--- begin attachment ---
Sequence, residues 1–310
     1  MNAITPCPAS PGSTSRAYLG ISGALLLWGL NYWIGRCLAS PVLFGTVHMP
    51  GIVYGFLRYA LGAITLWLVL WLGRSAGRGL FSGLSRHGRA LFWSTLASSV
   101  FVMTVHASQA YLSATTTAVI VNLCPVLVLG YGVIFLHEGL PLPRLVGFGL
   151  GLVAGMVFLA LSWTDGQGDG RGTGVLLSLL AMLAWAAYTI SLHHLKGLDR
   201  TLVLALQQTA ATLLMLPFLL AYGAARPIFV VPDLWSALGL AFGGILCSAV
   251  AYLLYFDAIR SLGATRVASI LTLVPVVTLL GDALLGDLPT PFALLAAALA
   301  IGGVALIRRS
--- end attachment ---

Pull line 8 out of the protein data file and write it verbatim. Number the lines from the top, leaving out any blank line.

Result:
   301  IGGVALIRRS